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     Come now, you who say, “Today or tomorrow we will go into such and such a town and spend a year there and trade and make a profit”—yet you do not know what tomorrow will bring. What is your life? For you are a mist that appears for a little while and then vanishes. Instead, you ought to say, “If the Lord wills, we will live and do this or that.James 4:13-15

Heavenly Father, you haven’t made us for “fifteen minutes in the spotlight,” but for an eternity of glorifying you and enjoying you forever. As this day begins, I praise you for such a hope and future—a future that’s already begun for us in Jesus. Eternal life began for us the day you “raised us up with Christ and seated us with him in the heavenly realms” (Eph. 2:6)—to the praise of your glorious grace (Eph. 1:6).

Yet, Father, these verses in James remind me that our lifespan in this body isn’t very long at all. We’re more like a brief mist than an artesian spring; more like a mushroom than springs up overnight slow growing moss; more like a morning glory than a rose bush. I aware of the brevity of my life more than ever, and I’m both sobered and gladdened by the thought.

Father, how would you have me spend the rest of my “misty moment”? Only you know when I’ll “vanish” from this body—when I’ll draw my last breath and gain my first unfiltered glimpse of Jesus. Only you know what’ll happen tomorrow—in my heart and home, in Bermuda, Bangkok and Burma. I’ll keep on planning, but it’s you who orders my steps—for which I am most thankful (Prov. 16:9).

In light of the gospel, what should I spend more time doing and less time doing? What have I been putting off that really matters to you? With whom do I need to spend more face-to-face and heart-to-heart time?

Who am I still holding hostage by the chains of my unforgiveness and bitterness? What am I allowing to bug me that isn’t all that “bug-worthy”? Where should I invest more of your money and less of my worries?

Keep showing me the difference between the good and the best; the difference between the urgent and the necessary; the difference between living a called life and a driven life.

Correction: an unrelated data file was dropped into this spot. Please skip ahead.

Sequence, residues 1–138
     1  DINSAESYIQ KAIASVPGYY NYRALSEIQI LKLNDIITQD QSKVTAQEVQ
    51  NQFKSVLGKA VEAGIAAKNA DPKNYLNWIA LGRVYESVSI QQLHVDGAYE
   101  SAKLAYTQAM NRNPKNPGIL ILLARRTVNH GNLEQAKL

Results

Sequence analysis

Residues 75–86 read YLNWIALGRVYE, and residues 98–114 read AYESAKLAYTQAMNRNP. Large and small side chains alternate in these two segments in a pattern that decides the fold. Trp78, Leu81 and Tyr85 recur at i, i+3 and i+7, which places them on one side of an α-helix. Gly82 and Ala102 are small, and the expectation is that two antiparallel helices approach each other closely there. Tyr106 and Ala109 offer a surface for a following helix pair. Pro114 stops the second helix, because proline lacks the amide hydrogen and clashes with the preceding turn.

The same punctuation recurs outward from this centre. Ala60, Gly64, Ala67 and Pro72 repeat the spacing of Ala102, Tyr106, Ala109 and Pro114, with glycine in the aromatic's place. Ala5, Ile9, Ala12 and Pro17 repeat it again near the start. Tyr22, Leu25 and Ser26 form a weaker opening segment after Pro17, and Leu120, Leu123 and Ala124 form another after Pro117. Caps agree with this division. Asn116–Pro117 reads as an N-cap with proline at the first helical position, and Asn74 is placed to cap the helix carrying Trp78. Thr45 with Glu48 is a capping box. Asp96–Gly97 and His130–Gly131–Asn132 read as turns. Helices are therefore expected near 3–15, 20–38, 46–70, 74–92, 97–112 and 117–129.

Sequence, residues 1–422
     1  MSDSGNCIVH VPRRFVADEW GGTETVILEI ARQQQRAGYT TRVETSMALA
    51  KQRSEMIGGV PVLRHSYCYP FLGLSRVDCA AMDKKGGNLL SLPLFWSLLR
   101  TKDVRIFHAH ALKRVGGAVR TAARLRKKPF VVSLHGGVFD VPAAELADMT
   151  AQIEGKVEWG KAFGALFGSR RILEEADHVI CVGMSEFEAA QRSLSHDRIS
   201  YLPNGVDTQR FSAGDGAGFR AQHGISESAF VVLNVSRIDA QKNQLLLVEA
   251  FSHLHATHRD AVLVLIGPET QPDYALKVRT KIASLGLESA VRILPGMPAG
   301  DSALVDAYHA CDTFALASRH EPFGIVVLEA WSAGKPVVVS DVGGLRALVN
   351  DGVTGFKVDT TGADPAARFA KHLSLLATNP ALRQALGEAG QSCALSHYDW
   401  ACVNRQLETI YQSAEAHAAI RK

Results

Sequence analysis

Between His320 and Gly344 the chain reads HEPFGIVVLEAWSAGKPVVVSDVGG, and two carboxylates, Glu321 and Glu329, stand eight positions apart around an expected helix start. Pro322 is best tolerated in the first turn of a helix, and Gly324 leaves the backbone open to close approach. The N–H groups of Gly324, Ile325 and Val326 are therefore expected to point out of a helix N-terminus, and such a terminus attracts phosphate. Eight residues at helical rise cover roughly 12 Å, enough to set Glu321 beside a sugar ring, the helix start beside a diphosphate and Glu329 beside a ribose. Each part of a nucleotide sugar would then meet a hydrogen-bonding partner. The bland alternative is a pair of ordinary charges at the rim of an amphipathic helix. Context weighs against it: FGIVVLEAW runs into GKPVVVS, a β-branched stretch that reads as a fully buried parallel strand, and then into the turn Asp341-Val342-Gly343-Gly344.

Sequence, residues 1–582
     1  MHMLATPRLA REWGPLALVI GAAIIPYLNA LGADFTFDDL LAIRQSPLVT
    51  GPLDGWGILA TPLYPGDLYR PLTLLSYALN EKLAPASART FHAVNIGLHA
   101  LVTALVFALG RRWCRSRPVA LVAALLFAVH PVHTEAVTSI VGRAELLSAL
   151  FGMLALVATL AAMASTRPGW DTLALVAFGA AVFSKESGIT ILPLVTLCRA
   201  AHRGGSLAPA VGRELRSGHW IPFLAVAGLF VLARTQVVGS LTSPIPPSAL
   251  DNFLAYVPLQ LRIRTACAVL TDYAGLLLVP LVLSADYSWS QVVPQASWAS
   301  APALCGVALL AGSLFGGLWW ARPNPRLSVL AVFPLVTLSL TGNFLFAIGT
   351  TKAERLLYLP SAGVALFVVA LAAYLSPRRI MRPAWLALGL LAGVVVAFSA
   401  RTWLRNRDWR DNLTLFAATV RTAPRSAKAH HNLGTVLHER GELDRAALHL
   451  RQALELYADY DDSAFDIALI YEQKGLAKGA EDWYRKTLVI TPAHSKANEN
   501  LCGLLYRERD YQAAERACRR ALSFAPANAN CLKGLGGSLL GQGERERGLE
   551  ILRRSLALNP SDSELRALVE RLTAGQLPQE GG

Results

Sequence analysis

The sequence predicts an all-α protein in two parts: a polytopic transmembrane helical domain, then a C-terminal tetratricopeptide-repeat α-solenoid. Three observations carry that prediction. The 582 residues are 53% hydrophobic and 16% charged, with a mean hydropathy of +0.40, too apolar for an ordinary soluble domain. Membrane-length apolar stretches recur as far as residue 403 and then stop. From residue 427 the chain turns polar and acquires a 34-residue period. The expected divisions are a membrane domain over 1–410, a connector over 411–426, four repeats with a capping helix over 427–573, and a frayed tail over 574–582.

Father, I praise you that I’m not going to merit any more of your affection by doing a better job with any of these things; and you’re certainly not calling me to fall into the paralysis of analysis. None of these questions has a scorecard attached to it. It’s Jesus’ performance and record I boast in; but your grace calls me to ask the right questions and it frees me to live a more intentional gospel-driven life.

I don’t plan on making a “bucket list”; for there’s no bucket to kick. Jesus kicked death’s derriere—he defeated death and robbed the grave of its victory… glory! I simply want to live in your story, to your glory with all the joy you can cram into this little heart of mine. So very Amen I pray. in Jesus’ matchless and magnificent name.



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One thought on “A Prayer for Living by the Gospel Agenda, not a Bucket List”

  1. doyle moore says:

    you are right. There is NO bucket list. Am looking forwrd to hearing you at Liberate!

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Scotty Smith

Scotty Smith is the founding pastor of Christ Community Church in Franklin, Tennessee. You can follow him on Twitter.

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